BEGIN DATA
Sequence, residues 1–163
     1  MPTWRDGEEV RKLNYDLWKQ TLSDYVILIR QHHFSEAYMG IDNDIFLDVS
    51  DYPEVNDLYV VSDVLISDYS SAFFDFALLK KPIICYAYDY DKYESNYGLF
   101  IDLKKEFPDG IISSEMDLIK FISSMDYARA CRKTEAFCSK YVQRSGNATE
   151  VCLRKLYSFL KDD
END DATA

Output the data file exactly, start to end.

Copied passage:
Sequence, residues 1–163
     1  MPTWRDGEEV RKLNYDLWKQ TLSDYVILIR QHHFSEAYMG IDNDIFLDVS
    51  DYPEVNDLYV VSDVLISDYS SAFFDFALLK KPIICYAYDY DKYESNYGLF
   101  IDLKKEFPDG IISSEMDLIK FISSMDYARA CRKTEAFCSK YVQRSGNATE
   151  VCLRKLYSFL KDD